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The one feature of digital cameras that probably causes more confusion than any other is "digital zoom." While some people think that a 4x or 5x digital zoom makes a camera more versatile, in reality, a camera's digital zoom has very little value... and here's why:
Have you ever enlarged a picture and noticed that the enlargement was fuzzier than the original print? That's because the enlargement process simply makes the tiny dots that make up a photo larger. Larger dots means less fine detail per inch of print... and a grainier result.
This is really all a "digital zoom" does - it makes the individual pixels in an image larger. And this results in less fine detail per inch - both in print and on your camera's or computer's screen.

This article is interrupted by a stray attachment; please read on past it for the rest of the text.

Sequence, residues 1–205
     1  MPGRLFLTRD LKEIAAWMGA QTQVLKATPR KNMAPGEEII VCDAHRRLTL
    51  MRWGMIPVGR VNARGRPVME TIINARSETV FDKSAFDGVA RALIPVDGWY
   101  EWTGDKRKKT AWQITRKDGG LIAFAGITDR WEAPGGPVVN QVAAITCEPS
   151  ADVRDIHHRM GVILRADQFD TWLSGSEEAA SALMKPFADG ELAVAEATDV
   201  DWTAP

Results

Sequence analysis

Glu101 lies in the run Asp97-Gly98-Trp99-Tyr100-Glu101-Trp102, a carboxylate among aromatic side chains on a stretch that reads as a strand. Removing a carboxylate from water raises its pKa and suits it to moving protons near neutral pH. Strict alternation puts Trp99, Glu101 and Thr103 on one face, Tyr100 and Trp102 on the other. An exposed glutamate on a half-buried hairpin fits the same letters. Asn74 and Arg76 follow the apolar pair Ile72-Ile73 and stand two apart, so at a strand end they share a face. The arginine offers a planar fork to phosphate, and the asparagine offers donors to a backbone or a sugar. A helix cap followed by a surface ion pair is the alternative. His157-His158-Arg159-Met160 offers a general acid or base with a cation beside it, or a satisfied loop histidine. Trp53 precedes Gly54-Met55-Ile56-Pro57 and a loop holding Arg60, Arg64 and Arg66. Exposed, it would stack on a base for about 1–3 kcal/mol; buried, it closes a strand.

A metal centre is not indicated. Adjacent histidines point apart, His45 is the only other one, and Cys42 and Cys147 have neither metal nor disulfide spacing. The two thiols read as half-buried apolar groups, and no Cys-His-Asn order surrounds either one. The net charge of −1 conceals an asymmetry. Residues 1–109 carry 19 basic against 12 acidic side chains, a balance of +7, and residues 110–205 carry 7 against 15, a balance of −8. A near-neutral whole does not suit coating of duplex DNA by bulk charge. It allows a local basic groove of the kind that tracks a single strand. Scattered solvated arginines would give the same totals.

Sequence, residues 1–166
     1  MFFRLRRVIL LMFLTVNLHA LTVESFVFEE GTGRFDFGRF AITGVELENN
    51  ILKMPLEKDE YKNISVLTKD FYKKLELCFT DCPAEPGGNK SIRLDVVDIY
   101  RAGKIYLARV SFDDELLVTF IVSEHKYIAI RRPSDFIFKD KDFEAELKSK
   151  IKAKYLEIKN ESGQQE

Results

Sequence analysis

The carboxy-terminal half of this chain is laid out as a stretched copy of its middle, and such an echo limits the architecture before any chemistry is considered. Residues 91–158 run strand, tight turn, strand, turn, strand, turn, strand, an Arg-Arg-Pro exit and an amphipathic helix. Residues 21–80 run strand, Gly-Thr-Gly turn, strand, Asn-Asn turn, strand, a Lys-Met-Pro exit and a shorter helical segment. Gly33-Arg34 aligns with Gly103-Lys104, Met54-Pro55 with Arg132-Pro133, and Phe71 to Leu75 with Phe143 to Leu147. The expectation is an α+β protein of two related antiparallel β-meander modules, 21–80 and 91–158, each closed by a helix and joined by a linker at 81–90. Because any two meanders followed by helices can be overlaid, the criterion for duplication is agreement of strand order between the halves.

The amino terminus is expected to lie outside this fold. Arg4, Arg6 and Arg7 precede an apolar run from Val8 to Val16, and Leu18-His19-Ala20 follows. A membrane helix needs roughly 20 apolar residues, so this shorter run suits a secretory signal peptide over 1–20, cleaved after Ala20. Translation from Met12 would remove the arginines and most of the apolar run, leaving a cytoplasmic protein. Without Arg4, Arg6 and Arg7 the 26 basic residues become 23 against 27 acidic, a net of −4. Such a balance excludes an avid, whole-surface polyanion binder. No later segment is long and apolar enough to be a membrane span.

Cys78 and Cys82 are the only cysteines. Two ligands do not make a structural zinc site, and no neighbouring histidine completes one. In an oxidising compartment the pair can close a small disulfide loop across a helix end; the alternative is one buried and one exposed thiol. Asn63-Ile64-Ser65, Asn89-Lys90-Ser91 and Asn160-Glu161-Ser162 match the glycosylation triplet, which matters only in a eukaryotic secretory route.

An optical zoom, however, uses the elements of the camera's lens to magnify the scene itself. The zoom lens works in the same way as a spotting scope or pair of binoculars (except that it has an infinite number of magnification settings). Since it's the scene itself that's magnified - and not the "dots" making up an image of the scene - an optical zoom provides a clearer, sharper result than a digital zoom ever could.
In fact, the digital zoom feature on your camera merely mimics the "zoom" capability of most image editing software. So you're much better off simply turning off the digital zoom in your camera's menu and doing any enlarging of the image in your computer. That way, you can enlarge an image, but control its graininess.